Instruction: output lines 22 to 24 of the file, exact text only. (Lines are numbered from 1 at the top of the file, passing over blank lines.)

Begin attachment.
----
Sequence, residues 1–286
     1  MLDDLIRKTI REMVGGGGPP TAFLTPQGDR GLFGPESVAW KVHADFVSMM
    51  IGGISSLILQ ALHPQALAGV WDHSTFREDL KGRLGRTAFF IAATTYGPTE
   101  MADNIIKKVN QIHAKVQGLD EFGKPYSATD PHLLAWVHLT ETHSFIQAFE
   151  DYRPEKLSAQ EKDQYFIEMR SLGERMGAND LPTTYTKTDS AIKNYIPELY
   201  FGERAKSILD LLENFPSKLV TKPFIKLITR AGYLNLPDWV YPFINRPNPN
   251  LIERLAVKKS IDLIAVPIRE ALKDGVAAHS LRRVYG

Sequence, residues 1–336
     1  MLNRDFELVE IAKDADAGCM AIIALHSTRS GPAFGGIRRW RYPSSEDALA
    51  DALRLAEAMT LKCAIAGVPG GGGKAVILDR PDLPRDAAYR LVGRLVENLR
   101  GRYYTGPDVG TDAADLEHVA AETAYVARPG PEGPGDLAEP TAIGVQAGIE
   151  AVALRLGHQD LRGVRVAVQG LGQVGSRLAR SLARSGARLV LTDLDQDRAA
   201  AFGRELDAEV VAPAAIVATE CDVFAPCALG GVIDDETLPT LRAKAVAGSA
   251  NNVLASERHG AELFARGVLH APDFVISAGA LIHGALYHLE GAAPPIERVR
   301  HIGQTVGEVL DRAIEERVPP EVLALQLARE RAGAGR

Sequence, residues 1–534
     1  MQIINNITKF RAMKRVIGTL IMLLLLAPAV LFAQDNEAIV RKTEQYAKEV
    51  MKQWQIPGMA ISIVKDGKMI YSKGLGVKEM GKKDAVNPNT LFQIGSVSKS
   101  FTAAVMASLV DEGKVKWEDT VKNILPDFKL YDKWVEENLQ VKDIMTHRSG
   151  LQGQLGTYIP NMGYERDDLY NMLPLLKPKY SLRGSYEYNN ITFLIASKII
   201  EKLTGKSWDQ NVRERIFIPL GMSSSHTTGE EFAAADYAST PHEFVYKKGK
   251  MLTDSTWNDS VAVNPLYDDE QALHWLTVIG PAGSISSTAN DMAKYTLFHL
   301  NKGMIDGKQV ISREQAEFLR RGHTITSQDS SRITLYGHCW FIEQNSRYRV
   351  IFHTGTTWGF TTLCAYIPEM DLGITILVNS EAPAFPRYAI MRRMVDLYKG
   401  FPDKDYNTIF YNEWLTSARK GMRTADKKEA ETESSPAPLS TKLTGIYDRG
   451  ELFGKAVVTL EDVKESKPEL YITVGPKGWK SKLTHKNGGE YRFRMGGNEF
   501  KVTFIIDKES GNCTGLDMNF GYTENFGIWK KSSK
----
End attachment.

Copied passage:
   251  MLTDSTWNDS VAVNPLYDDE QALHWLTVIG PAGSISSTAN DMAKYTLFHL
   301  NKGMIDGKQV ISREQAEFLR RGHTITSQDS SRITLYGHCW FIEQNSRYRV
   351  IFHTGTTWGF TTLCAYIPEM DLGITILVNS EAPAFPRYAI MRRMVDLYKG